In that moment of my daughter reminding me of a cabinet, lay both the certainty that she wont remember that conversation - it being just a transient moment in the flow of a household - but equally that I will remember, that it will become one of my strongest memories of her as a child as her boundless enthusiasm, potential and embodiment of potential memories (the future is, after all, a memory yet to happen) were encapsulated in the moment of her twirling hands and feet and stilled torso.

So I have a basic form at this point, referencing Ingham's cabinets but I'd like to introduce an element of movement to suggest Mim's physicality as well as scaling and situating the piece in relationship to her ten year old size. Movement also adds a discourse about the cabinet as holder of aide de memoire - in most domestic settings, things, bits, pieces, objects, are grouped on display - in cabinets, on mantelpieces, bookshelves; artfully or otherwise. Things kept, held, are to whatever degree precious - placed objects in a cabinet are more precious yet, an exclamation point of notice. However, usually a display is static, and in Japanese aesthetics, an object worthy of display must be viewed only from a single perspective - honored by the right aspect. The static siting of an object is central to Ingham's two cabinets, the preciousness highlighted by the doors securing the space. Asking someone to place their preciousnesses in something that swings and spins will mean that the object will be viewed from perspectives not at all expected, and is also something of a headfuck - movement threatens the equilibrium of an object. The possibility of one's sixteenth century Korean tea bowl tumbling onto the floor and breaking is not a comfortable prospect for most people.

Initially I'd machined up some boards of blackwood, Acacia melanoxylon - the remainder of a flitch I had bought in about 1992 and carted around since. On dry fit, the grain and tonality were awful - my fine sentimental mutterings about the tree's demise on a roadside in northern NSW after a bout of careless Council spraying were not going to make it work. Urban salvaged oak I'd bought 12 or so years ago from Richard Parsons in North Richmond offered hope, but the boards were extremely deformed and twisted. An oak grown somewhere on the Cumberland Plain near Penrith promised interesting grain but equally promised all the appalling habits of evil bastard wood. The memory of its past life resides in the cambium, years of little rain in tightly lain down cell lines, the patterns of medullary rays opening up in the wet years. It machined up much better than I had expected, but to use 120mm long mitres on 9mm stock means the joints are not at all load bearing. This also meant I had to figure how to hang the cabinet without any of the joinery being weight bearing.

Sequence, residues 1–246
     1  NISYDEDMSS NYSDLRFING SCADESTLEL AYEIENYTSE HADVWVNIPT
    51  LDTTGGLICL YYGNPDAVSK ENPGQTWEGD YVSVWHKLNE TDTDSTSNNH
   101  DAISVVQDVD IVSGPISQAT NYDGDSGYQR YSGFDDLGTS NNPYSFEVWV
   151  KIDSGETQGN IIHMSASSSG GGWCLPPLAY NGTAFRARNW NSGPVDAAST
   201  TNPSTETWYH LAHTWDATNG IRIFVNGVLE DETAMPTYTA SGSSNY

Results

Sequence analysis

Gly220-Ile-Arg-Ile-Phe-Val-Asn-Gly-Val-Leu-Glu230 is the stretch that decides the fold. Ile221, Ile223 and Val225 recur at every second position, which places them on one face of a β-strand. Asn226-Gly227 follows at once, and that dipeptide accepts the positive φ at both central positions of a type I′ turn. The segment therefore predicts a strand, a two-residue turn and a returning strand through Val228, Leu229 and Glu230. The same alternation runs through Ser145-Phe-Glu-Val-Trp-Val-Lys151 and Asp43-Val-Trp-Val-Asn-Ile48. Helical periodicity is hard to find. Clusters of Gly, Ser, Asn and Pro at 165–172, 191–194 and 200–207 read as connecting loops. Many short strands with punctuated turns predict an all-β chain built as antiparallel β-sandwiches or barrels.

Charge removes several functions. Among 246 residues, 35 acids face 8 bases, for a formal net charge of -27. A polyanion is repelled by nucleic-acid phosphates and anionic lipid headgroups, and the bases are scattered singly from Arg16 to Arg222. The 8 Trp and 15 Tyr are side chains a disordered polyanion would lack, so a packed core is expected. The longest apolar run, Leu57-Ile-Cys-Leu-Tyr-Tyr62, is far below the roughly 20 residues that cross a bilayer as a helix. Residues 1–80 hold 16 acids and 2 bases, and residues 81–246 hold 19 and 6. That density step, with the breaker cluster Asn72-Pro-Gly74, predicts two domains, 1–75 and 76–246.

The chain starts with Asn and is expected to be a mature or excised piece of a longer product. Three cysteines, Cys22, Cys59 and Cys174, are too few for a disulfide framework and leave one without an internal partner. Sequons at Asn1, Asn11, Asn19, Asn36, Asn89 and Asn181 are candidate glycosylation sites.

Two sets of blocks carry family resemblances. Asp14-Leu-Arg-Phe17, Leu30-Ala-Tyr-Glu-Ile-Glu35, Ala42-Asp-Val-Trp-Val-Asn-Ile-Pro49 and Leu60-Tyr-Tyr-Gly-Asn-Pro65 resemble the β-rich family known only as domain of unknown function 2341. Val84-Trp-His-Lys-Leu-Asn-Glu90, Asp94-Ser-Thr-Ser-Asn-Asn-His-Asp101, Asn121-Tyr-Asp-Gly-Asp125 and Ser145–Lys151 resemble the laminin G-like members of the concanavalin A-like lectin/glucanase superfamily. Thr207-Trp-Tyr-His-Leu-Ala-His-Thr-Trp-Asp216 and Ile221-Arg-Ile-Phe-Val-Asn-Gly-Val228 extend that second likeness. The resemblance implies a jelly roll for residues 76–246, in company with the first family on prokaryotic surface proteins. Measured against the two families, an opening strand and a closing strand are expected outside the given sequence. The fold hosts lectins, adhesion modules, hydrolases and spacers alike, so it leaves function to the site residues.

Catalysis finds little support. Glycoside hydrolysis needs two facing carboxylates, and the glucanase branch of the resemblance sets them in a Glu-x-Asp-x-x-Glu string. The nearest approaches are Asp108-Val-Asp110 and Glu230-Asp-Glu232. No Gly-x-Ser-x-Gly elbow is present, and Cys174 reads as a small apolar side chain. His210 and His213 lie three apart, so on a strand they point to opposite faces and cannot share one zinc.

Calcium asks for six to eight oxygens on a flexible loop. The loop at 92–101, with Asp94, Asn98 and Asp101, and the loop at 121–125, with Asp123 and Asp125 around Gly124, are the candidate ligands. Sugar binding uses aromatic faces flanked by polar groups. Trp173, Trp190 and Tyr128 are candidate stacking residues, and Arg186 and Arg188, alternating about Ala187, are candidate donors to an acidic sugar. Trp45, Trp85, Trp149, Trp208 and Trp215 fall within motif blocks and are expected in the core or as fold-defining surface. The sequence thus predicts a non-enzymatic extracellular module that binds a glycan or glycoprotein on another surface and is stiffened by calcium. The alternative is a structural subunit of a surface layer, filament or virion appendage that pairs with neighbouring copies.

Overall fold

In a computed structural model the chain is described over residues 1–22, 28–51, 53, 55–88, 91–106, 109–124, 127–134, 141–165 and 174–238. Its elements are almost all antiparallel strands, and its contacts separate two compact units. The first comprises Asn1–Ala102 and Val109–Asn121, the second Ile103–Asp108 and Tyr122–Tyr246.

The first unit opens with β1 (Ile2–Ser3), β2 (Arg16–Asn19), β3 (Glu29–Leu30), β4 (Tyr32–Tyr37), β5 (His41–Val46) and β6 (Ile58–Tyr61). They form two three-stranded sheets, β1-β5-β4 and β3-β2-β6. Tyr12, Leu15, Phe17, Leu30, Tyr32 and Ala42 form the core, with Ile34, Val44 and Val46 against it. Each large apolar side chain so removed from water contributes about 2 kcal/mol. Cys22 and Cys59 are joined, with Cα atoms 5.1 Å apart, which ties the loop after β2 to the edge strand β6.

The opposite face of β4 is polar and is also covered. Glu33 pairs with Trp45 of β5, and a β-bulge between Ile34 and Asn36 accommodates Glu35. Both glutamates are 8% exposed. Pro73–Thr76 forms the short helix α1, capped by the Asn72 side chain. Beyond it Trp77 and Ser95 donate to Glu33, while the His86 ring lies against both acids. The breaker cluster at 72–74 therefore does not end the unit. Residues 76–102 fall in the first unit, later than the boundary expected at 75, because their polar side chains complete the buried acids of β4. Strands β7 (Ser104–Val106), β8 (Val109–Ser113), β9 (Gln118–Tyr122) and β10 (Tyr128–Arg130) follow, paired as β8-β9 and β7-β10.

Physics also insisted that for the cabinet to hang true, there had to be some manner of adjustment. As the back is also solid timber, if the cabinet is set to hang when empty absolutely vertical front to back, it will tip forward with any objects in it. Using 1.2mm steel wire captured in automotive electrical grommets wedged onto the 4.76mm steel rod allows for line lengths to be finely adjusted and to hold when the cabinet is fully weighted. As the rods can also be shifted sideways, balance points can be found across the vertical from side to side if necessary. It's pretty simple, but it requires a degree of finesse, an engagement by its user to its built requirements, to remember why the adjustments may need to be made, to develop a routine of tweaking to ensure it sits true, shelf gaps are even, lines run parallel or at even angles. A memory of engagement.

Finally, the cabinet also contains the memory of movement. As it swings and spins, it is responding to the touch of a viewer, a gust of wind, the curiosity of a child, a bump from a dog or passing vacuum cleaner. It is made for a domestic space, and as such will hopefully respond to the ebbs and flows of movement and being. In its name, Swing, what it will do is given but it also ties back to the moment with my daughter. For most of us, a common metaphor of childhood would be those hours spent on a swing - exhilarated, thrilled, terrified, expectant, exultant, comforted, held. Swing offers to hold the things that perhaps matter, the aide de memoire of precious.

A Container of Memories - SOA Gallery, ANU, Canberra
July 8 -31, 2010